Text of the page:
Unfortunately, the crappie fishing declined after 1991, although it shows signs of revival this year with the high water conditions.
At that time, rainbows were the only salmonid found in the lake, other than an occasional wild brown. The fishery was managed by the DFG as a “put and grow” one, but the fish rarely went over 2 pounds.
Starting in the late 1990s, the California Department of Fish and Wildlife introduced kokanee salmon and then king salmon to the lake, providing a trophy fishery for kokanee, kings and rainbows.
In the past few years, anglers have noticed a sharp decline in the salmon and trout fishery. Some anglers have pushed for an increase in fish plants, but in an article published this March in the Fish Sniffer, Gary Coe, President, President of of Kokanee Power, and Gary Erck, President, of CIFFI, cautioned against this, based on the data from the CDFW.
“A study over the past 18 months has been conducted on Lake Berryessa, in the hopes of identifying why the kokanee fishery has declined there. By using water quality samples from late 2015 and through 2016, the DFW has discovered that the dissolved oxygen content of Lake Berryessa is lower than needed for a thriving kokanee fishery. During the sample period, dissolved oxygen was measured at a level of 2; a level of 5 is needed for kokanee to thrive,” they wrote.
“The watershed that fills Berryessa is mostly rain and very little if any runoff comes from snow – thus, the water entering the lake is warmer than other lakes that receive their water from snowmelt (think Pardee, Melones, Pedro),” they said.
“ Speculation is when Berryessa’s capacity level drops somewhere below 60% capacity, the hypolimnium of the lake is very small and that results in very low dissolved oxygen levels – causing the kokanee to die off. When Berryessa fills, the hypolimnium layer is thicker and greater dissolved oxygen is available,” they noted.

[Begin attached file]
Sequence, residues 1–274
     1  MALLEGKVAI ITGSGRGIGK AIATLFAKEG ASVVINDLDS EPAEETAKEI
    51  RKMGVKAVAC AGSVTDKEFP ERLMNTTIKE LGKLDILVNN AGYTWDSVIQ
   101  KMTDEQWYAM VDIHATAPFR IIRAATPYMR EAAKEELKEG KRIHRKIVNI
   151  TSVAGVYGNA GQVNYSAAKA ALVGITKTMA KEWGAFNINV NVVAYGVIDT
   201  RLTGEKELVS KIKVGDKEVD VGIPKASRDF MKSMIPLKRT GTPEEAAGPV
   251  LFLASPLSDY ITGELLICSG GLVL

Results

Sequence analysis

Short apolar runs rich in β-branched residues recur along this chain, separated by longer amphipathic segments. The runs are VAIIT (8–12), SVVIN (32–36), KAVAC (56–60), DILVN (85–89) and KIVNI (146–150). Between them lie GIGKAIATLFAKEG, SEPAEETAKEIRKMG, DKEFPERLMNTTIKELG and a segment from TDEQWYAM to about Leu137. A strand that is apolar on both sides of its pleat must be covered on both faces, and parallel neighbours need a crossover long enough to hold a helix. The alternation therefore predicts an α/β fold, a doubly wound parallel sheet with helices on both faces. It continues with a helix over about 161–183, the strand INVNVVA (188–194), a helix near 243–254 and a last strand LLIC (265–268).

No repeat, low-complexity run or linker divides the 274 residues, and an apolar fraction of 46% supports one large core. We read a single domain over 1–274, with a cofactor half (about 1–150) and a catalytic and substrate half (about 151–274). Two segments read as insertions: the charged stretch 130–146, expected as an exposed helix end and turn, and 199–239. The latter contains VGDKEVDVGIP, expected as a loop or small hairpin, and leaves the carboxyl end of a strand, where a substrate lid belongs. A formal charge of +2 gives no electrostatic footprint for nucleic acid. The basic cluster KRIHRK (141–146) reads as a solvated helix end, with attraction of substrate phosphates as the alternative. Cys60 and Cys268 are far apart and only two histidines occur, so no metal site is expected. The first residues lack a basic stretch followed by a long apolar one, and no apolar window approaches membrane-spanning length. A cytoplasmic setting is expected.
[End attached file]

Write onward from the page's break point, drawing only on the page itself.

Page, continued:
The CDFW concluded that such a die off didn’t happen earlier because the latest drought was first extended one we have experienced since kokanee and kings were planted in Lake Berryessa.
The CDFW has planted around 50,000 kokanee fingerlings in the lake most years. They stocked 49,995 in 2013, 49,994 in 2014, 25,001 in 2015, and 50,111 in 2016.
King salmon plants have varied widely by year. The CDFW planted Berryessa with 178,380 king salmon in 2013, 88,910 in 2014, 32,440 in 2015 and zero in 2016. It is not known whether any salmon will be planted in the lake this year, due to the lack of available fish from either Iron Gate Fish Hatchery or Feather River Fish Hatchery.
The current trout fishery is a result of spring trout plants by CDFW, as well as trout from the CIFFI/Markley trout pen-rearing project.
While king salmon, rainbow trout and kokanee salmon are taken year round at Berryessa, trollers find the best action during the spring and summer when a distinct thermocline forms. Anglers catch the kokanee on hoochies, spinners, bugs, and spoons, tipped with white corn, behind dodgers and the kokanee on rolled shad and many of the same lures as the kokanee.
When the turn over takes place in the fall, shore anglers fishing minnows and nightcrawlers under bobbers regularly hook rainbow trout in Markley Cove and other area of the lake.